The German science show "Galileo" accompanied the route of a typical German bicycle. Where do our bicycles come from? Under which conditions are they manufactured? And how about low-priced bicycles available on the Internet for self assembly?
Interview with the bicycle expert Dirk Zedler:
1. Mr Zedler, how can I as a non-professional recognize whether a bicycle is good or not? We tried in the report, but we didn’t succeed.
A bicycle is more than the sum of its parts. Even a bicycle which is exclusively made of sophisticated components may function poorly or be unsafe. Only the professional assembly and the adjustment by a skilled technician provide a round package. The name of individual components or the list of individual weights will not help. I therefore recommend that you buy a bicycle in a specialist shop. There you’ll be fully informed, the bicycle will be adjusted to the rider and you may do a test ride.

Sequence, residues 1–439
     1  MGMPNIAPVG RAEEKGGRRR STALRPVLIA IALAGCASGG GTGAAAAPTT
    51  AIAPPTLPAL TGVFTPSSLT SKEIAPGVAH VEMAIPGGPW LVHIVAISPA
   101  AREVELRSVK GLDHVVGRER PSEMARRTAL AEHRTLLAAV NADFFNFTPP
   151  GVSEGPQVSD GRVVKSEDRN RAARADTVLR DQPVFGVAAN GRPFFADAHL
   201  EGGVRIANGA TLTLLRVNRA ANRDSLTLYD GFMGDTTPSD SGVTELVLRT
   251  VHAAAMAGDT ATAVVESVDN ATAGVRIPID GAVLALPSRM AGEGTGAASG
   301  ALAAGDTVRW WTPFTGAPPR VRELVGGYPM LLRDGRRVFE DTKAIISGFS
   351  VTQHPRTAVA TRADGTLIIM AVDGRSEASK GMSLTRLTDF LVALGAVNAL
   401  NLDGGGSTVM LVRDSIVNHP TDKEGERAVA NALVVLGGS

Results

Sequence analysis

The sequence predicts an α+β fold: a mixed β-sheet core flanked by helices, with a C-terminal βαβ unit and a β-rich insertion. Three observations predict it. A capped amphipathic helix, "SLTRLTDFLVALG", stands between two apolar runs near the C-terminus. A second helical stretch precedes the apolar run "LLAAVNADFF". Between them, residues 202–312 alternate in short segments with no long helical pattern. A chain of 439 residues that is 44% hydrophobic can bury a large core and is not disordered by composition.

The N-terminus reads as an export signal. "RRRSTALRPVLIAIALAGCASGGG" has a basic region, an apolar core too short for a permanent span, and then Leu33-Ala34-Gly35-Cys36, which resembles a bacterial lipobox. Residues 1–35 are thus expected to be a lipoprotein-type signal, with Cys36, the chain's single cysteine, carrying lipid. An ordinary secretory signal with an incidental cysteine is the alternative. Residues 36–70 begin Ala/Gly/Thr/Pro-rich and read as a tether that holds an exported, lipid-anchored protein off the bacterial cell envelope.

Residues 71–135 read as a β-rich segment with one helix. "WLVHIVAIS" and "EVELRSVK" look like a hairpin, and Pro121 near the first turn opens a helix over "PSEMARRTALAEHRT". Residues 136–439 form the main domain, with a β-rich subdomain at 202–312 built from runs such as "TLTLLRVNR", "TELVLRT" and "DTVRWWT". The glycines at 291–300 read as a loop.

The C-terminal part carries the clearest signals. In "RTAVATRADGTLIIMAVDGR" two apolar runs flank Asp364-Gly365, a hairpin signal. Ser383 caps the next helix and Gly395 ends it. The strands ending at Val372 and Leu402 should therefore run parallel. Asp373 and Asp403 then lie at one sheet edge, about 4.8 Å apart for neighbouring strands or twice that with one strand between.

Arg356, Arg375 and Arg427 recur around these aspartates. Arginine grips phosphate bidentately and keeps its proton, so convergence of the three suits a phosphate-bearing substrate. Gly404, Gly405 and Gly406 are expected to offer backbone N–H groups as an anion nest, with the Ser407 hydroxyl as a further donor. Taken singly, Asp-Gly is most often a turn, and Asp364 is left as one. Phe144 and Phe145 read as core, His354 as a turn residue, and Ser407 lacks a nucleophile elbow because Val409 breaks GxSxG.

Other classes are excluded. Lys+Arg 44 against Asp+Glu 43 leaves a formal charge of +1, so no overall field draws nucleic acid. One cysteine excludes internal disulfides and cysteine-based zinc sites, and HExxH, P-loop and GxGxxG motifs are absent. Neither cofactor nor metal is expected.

2. What are the major problems with a bicycle that is not good? (Keyword: not only annoying, but even dangerous, liability etc.)
A bad or cheap bicycle does not match the physical proportions of the rider. Both the riding behaviour and the functioning avoid any fun during riding. The functioning of cheap products typically decreases very quickly and often they are bound to be thrown on the scrap heap after only a few rides. Bicycles from the specialist shop have a longer service life and are used even for many years when serviced regularly. A really dangerous thing is according to my experience, when a non-professional tries to make a cheap, partly assembled bicycle bought in the DIY construction market ready for use. We had experts’ reports for bicycles where wrongly adjusted brakes, an improperly adjusted gear system or even inaccurately fixed pedals or front wheels resulted in falls or crashes with serious injuries. The manufacturers of such kind of products often succeed in not assuming liability depending on what is written in their user manuals.
Read the entire interview.